The Cretan instrument par excellence is the lyra, a three-stringed instrument played with a bow. In the past, bells known as yerakokoudouna or "falcon bells" were hung from the bow to help mark time.

Over time, various different versions of the instrument have been created: the lyraki or small lyra, with a small, shallow sound box that creates a sharp, piercing sound; the vrontolyra, with a larger, deeper sound box that is wider at the base, producing a deeper sound suitable for playing out of doors; the lyra, being the commonest type, which produces a mellower sound than the other two on account of a number of additions to the sound box, the neck and the head. The viololyra, played mainly in the Prefecture of Heraklion, was invented in about 1920 in an attempt to equip the lyra with the same range of capabilities as the fiddle.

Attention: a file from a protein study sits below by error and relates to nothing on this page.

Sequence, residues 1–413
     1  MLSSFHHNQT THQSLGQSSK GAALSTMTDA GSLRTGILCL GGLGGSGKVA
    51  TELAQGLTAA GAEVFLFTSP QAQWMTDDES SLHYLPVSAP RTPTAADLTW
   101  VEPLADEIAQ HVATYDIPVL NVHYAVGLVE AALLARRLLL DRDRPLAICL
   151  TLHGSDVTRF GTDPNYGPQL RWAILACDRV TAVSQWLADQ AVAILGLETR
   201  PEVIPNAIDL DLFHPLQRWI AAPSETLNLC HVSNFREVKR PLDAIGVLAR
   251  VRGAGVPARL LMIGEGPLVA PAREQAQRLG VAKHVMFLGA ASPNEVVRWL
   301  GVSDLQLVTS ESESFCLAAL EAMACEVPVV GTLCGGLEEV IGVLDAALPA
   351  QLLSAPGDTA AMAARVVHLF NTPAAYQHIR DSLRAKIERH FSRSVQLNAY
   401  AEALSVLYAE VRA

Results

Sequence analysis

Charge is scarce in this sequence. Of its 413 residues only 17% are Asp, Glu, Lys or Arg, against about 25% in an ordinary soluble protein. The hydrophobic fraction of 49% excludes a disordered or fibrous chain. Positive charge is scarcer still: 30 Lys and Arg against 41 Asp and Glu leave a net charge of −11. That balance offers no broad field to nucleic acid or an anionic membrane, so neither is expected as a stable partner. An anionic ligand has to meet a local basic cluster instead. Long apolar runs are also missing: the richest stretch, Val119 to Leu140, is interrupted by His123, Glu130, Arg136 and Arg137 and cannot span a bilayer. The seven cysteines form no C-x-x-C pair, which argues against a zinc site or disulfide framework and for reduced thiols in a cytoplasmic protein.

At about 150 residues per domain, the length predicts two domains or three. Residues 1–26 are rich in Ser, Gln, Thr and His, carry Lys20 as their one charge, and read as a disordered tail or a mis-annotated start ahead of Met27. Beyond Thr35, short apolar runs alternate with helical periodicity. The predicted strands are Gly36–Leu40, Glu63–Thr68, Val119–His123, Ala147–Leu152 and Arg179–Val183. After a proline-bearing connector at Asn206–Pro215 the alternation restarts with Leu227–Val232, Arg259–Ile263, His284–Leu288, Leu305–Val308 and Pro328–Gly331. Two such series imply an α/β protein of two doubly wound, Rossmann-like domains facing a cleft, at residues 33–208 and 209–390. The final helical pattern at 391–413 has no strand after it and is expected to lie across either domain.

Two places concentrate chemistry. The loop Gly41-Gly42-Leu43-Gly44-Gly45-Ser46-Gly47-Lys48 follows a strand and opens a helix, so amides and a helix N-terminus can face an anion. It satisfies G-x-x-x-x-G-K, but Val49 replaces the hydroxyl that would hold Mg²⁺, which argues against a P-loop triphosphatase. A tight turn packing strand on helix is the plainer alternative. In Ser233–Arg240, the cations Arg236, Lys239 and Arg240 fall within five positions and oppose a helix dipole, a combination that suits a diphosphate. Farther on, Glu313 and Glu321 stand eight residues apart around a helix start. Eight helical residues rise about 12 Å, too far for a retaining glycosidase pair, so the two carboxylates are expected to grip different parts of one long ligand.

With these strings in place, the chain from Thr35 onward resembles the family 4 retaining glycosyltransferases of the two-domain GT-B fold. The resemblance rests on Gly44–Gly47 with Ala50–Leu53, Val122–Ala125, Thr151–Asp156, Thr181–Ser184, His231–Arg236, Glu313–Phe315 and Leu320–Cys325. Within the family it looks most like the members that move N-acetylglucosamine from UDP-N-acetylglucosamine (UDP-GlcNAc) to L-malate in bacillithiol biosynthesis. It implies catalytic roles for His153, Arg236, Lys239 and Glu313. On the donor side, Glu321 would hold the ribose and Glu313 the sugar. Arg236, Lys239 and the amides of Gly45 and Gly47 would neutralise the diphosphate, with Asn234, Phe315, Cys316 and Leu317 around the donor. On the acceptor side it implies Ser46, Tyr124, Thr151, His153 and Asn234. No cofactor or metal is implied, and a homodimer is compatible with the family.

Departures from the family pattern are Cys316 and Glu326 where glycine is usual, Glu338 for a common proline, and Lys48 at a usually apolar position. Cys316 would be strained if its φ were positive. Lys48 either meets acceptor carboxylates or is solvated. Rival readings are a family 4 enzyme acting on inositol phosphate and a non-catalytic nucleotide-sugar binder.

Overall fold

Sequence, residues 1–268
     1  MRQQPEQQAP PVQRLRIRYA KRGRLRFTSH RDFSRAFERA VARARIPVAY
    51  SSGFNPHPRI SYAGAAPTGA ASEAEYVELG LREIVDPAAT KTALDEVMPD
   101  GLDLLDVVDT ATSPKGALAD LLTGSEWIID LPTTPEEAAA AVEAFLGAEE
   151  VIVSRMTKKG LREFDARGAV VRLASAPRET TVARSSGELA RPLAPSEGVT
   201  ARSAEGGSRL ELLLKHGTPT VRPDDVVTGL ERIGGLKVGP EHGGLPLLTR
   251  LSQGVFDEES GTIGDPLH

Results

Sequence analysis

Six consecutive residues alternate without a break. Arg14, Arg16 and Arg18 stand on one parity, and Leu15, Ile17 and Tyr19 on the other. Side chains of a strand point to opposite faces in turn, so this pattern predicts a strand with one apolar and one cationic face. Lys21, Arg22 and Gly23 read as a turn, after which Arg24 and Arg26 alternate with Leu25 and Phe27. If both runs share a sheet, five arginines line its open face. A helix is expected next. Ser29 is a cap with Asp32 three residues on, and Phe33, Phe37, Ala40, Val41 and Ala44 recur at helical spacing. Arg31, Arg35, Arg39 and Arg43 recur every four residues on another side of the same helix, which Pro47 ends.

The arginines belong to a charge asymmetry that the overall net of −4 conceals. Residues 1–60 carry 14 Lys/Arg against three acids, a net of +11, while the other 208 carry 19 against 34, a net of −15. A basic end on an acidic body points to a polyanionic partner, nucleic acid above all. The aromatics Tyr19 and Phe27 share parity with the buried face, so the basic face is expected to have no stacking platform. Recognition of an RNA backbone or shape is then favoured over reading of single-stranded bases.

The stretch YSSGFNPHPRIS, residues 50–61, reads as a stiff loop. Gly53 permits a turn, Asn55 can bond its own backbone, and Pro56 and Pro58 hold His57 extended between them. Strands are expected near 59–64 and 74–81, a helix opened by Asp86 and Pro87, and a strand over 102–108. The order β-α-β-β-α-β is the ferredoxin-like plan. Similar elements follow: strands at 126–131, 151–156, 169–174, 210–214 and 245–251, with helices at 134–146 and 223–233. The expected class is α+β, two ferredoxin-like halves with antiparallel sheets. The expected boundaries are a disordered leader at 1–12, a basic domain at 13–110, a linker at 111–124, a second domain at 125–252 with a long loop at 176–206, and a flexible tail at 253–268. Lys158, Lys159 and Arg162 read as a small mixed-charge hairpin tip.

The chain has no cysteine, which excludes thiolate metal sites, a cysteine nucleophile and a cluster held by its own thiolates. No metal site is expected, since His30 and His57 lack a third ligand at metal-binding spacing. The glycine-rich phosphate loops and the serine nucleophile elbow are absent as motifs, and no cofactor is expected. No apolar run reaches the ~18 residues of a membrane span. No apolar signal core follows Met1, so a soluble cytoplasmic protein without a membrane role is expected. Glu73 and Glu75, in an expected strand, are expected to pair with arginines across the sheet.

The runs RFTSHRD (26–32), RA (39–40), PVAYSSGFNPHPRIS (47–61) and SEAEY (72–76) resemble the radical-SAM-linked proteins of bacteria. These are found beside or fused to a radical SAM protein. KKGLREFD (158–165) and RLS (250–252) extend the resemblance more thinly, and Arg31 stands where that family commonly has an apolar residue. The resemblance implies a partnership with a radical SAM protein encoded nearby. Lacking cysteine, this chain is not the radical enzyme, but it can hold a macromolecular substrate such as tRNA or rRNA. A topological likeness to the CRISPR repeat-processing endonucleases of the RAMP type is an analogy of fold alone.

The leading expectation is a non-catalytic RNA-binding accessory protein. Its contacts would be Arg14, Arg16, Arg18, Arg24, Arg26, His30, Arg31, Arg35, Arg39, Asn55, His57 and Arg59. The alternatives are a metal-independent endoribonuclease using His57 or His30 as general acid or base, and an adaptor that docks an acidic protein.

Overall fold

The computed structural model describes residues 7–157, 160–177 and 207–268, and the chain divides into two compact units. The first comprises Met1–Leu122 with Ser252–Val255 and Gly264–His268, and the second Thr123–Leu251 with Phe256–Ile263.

Cretan lyra player, early 20th century (Nelly's, Benaki Museum, Athens)
Modern lyra with carved decorations
Cretan musicians, early 20th century (Yiannis Harkoutsis, Aski, Pediada)
Type of lyra known as the viololyra, 2004
A modern lyra, 2007 (Yiannis Harkoutsis)